Drawings in the exhibition, which are astounding in their beauty and intensity, chronicle the painful struggle to reconcile personal, interior existence with the demands of external forces. The Prinzhorn Collection was assembled during an era of new research into mental illness and Dr. Prinzhorn, in his belief in the curative power of personal expression, particularly through the act of drawing, was at the forefront of these methodological changes in treatment. Dr. Prinzhorn was also an advocate for the aesthetic legitimacy of the drawings in his collection. In fact, the collection was assembled with the idea of opening a museum dedicated to them in the 1920s, but due to unrest in Europe, Dr. Prinzhorn's plan for a museum was not realized during his lifetime.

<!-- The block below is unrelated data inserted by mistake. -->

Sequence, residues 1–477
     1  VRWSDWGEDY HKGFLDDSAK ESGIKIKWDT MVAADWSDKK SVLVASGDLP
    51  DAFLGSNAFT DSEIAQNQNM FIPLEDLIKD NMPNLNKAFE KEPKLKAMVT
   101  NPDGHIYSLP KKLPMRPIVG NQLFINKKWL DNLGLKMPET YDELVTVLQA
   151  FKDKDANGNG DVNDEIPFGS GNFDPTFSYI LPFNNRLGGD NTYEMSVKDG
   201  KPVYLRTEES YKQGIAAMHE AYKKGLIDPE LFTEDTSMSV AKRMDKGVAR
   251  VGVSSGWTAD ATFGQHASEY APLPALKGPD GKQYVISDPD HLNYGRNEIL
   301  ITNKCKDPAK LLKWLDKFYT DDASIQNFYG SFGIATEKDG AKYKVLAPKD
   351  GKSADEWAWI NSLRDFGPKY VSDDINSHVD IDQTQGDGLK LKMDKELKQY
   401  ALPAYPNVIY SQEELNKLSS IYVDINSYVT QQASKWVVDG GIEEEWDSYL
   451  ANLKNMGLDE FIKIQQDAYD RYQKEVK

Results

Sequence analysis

Concurrent with Dr. Prinzhorn's research into mental illness were the activities of many avant-garde artists who attempted to transgress existing visual practices by exploring spontaneous acts of creation and the unconscious. People such as the artist Alfred Kubin and the sociologist Georg Simmel came to visit the collection, but its works became more widely known, particularly to artists, with the publication of Prinzhorn's Bildnerei der Geisteskranken (Artistry of the Mentally Ill) in 1922. This book became a source of inspiration to numerous European artists, particularly in Germany and France between World War I and II, and for a great number of American artists after 1945. Although avant-garde artists have often turned to the artworks of individuals who evade established categories of art history, the Prinzhorn Collection had a particular influence on the theorization and practice of automatic writing and drawing undertaken by the Surrealists. [Proof that works of the Prinzhorn Collection were challenging the most traditional notions of art became strikingly clear when, between 1931 and 1938, the collection was used by the Nazis as an example of "degenerate art." Works from the collection were juxtaposed with those by other artists such as Kokoschka, Kandinsky, and Schwitters, to discredit and reject modern art.] Following the war, interest in the modes of expression found in the Prinzhorn Collection took root in the United States, particularly during the Abstract Expressionist movement.